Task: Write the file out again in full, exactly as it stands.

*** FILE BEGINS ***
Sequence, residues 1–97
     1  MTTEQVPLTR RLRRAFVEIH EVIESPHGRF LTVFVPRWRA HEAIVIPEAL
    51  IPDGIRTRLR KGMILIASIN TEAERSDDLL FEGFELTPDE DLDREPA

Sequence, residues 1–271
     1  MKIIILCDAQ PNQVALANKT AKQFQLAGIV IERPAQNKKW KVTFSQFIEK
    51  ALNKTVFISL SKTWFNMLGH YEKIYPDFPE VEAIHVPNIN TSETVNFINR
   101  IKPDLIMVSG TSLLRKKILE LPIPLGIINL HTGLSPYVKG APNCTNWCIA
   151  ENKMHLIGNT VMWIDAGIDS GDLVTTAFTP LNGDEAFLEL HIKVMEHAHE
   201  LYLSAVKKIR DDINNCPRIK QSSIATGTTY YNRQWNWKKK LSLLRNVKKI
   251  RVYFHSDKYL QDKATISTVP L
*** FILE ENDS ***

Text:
Sequence, residues 1–97
     1  MTTEQVPLTR RLRRAFVEIH EVIESPHGRF LTVFVPRWRA HEAIVIPEAL
    51  IPDGIRTRLR KGMILIASIN TEAERSDDLL FEGFELTPDE DLDREPA

Sequence, residues 1–271
     1  MKIIILCDAQ PNQVALANKT AKQFQLAGIV IERPAQNKKW KVTFSQFIEK
    51  ALNKTVFISL SKTWFNMLGH YEKIYPDFPE VEAIHVPNIN TSETVNFINR
   101  IKPDLIMVSG TSLLRKKILE LPIPLGIINL HTGLSPYVKG APNCTNWCIA
   151  ENKMHLIGNT VMWIDAGIDS GDLVTTAFTP LNGDEAFLEL HIKVMEHAHE
   201  LYLSAVKKIR DDINNCPRIK QSSIATGTTY YNRQWNWKKK LSLLRNVKKI
   251  RVYFHSDKYL QDKATISTVP L